An Important Step in the ADAA: The Interactive Process

by Michael Haberman on February 9, 2010 · 0 comments


This post may be a bit “HR geeky”, but supposedly I am the “HR technician.” I am not really sure about that but if I save someone’s fanny from a lawsuit I will be happy. (BTW, nothing I say on this post should be construed to be legal advice. I am NOT an attorney! If I were I would probably have a lot more money than I do. Assuming of course I was a good one.) I did however go and and listen to several attorneys from Freeman, Mathis & Gary in a law update they presented this morning. I paid close attention as they discussed the interactive process required in the ADA Amendments Act when someone is asking for a reasonable accommodation. They mentioned that they are finding this is an area many of their clients are not doing well, and I imagine if that is true for their clients it is probably more widespread.

The key point about the interactive process is that it needs to be truly interactive. A series of emails is probably not going to be sufficient. You need to have a conversation, preferably face-to-face. And because the HR representative holding this discussion is probably not really aware of the job being discussed you need to have someone who knows the job involved with the discussion as well. You need to look at job functions, the job description, and current medical documentation of the employee’s condition. The current condition is important because time may have passed from the original situation and physical changes may have occurred (for better or worse.)

The second key point about the interactive process is that it needs to be well documented. You need to have:

  • Dates and times communication is attempted.
  • Dates and times conversations actually occured and who was involved.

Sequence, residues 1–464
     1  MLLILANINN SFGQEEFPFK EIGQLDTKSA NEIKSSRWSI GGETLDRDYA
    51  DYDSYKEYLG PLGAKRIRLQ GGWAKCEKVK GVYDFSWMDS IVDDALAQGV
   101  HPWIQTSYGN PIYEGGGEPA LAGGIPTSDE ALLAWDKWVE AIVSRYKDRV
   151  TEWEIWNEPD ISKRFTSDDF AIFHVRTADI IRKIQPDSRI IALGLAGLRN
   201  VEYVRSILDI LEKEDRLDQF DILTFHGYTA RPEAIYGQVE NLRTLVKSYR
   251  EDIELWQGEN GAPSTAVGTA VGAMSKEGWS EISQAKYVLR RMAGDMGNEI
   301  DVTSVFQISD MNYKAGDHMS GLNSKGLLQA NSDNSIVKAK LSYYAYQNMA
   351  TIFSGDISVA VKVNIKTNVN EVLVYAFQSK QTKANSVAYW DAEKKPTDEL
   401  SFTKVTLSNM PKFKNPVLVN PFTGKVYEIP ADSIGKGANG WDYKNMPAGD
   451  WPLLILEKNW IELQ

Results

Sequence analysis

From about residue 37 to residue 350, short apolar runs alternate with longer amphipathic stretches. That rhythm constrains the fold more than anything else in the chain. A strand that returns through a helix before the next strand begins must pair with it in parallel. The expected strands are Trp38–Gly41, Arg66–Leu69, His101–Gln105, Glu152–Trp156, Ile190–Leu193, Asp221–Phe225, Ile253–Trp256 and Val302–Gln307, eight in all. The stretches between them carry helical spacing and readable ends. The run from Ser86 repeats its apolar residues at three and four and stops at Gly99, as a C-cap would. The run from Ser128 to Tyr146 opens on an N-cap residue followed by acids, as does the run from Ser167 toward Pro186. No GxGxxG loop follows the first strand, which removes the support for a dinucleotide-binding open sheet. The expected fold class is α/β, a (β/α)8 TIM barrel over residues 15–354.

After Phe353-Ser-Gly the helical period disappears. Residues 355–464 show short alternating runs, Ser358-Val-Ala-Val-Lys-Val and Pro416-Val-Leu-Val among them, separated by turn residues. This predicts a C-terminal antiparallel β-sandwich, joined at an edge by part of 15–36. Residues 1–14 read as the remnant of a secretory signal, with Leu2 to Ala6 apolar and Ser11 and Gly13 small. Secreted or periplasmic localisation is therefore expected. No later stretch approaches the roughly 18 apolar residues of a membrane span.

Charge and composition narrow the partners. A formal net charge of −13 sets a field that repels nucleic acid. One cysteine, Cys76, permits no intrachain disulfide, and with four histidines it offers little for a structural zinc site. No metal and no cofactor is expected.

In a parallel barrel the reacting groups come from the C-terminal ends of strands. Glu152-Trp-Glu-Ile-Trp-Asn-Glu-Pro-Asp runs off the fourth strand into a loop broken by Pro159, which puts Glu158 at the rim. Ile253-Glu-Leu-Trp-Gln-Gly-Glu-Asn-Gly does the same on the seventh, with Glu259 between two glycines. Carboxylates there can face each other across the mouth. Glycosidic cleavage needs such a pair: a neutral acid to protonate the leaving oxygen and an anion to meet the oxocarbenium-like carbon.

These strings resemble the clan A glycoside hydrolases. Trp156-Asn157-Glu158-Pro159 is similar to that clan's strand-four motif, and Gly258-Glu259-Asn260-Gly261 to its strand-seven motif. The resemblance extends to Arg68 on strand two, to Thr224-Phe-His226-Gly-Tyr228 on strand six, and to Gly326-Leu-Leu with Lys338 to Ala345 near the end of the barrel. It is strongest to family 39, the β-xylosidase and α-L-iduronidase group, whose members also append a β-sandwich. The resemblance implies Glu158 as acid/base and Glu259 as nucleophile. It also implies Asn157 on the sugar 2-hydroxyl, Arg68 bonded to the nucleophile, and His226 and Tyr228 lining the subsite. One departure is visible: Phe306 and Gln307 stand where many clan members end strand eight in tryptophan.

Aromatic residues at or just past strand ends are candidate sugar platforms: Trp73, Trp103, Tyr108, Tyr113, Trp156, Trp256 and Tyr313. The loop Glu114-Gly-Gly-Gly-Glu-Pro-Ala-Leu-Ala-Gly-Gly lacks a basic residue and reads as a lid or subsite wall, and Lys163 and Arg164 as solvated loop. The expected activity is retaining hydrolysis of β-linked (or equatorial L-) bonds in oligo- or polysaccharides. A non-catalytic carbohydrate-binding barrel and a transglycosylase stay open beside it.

• What options were considered and what was rejected and the reasons why those rejections were made.
  • When the employee was notified of the decision and any ensuing discussions that took place.

Once you have done all of that you are not done. The law allows the employee to appeal that decision and to ask you to reconsider your decision and to explore other options. Again this needs to be interactive. You have to show that you were listening and considering. Off-handed rejections or refusal to participate in the interactive process will most likely land you in court.

So for those of you who have not revised your process you need to take a look at your policy, your procedures, and your documentation processes to make sure you are prepared to handle the new demands of the interactive process. This law makes it much easier for people to claim a disability. So good preparatin is important. Good luck.

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{ 1 comment… read it below or add one }

Anonymous February 10, 2010 at 8:37 am

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Nickolas Stepman
Phone jammer

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